While South Africa’s transformation strategy reaches across all sectors of society, it’s important to recognise that not everyone can make an equal contribution. Some will have to stretch and do more, others simply do not have the capacity or the means to contribute. We believe that government and business resources will be the primary building blocks in enabling transformation to realise the vision set out in the preamble.
We turn now to the role of corporates in advancing transformation.
Transformation and its components are best qualified in the pillars of the Broad-Based Black Economic Empowerment Act.25 As shown in Figure 3.7.2, its link to well-being can be illustrated using the well-known theory, Maslow’s Hierarchy of Needs, which sets out a hierarchy of physiological and psychological patterns of human motivations. In terms of social mobility, people aim to first meet basic needs, then seek to meet successively higher needs in society.26 Similarly, the B-BBEE scorecard is about increasing socio-economic inclusivity, starting with social inclusion and culminating in financial inclusion as one progresses towards autonomy, ownership and representation.
The specification of race in B-BBEE policy is sometimes obstructive, as people misinterpret who participates in, and profits from, this growth strategy. However, there is merit in its inclusion. If you read the targets at face value, they give a minimum compliance requirement for black representation which is often significantly lower than the relative demographic population: for example, a minimum of 25% black voting rights and maximum of 75% white voting rights in ownership.28
Sensitivities around distribution and redistribution processes obstruct transformation conversations. Also, the persistent perception that people are being excluded is mostly that: a perception. Research shows small shifts in many areas. We are yet to learn that B-BBEE is not about ownership transfer but about transforming the profile of economic inclusion. After all, business, government and society share in making this transformation a reality. Once we understand the context that this policy and legislation seek to address, we can accept that the NDP goals are consistent with those of B-BBEE, and that both are necessary tools for our country to move forward.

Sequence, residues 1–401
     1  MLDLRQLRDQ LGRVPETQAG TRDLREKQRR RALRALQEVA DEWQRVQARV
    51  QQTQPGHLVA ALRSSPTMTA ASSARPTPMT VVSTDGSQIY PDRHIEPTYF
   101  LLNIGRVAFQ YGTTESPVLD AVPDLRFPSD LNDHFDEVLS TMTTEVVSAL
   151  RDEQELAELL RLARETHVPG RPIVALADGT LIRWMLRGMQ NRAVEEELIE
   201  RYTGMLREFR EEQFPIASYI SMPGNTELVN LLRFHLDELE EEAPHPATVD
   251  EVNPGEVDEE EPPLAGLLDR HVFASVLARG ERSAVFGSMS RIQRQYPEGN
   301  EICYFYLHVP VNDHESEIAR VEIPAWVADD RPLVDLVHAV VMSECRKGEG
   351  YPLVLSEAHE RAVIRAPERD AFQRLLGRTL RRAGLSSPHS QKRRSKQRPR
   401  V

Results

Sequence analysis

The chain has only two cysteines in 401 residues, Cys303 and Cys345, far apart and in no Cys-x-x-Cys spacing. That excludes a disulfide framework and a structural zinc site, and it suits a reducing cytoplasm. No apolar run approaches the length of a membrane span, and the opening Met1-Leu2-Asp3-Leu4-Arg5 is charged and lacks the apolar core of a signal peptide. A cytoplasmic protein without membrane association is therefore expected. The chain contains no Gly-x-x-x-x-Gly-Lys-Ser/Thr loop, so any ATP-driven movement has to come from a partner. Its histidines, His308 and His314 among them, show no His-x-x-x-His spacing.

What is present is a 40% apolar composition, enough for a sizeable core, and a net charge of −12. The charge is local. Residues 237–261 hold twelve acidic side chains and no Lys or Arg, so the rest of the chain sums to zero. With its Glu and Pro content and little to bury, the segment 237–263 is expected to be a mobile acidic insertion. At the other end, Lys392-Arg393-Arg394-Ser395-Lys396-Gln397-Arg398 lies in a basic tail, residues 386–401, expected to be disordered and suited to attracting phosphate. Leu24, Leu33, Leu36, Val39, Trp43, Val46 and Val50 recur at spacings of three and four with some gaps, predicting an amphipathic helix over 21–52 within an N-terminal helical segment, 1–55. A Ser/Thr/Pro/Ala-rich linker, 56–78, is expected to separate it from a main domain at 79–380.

Social ethics committees have been given greater scope to carry out their duties. Statucor, a national corporate stewardship services company, recommends that the ethics committee should be the custodian of the stakeholder-inclusive approach.29 Responsive and proactive reputational risk management coupled with ethical leadership have become critical business imperatives that corporate governance addresses when holding corporates accountable for their actions. Social media also hastens the spreading of news – organisations have nowhere to hide when it comes to being publicly answerable to employees, communities, shareholders, customers and government.
King IV™ states that South African corporations have a responsibility to engage with transformation intentionally; it is an inseparable part of value creation.30 Governance is steering away from being rules-based and towards being values-based. When companies develop their transformation strategies they should therefore ensure there is alignment with not only the company strategy but also with its corporate governance principles.
Many corporates don’t put as much effort into their transformation strategies as they do into their business strategies. That’s because the transformation strategy is usually an add-on, not an integral part of business. If governance structures already refer to transformation as part of doing business, then it makes sense to include transformation from the beginning. A practical way of doing this is to map the BEE elements to elements of the business strategy, as shown in Table 3.7.1.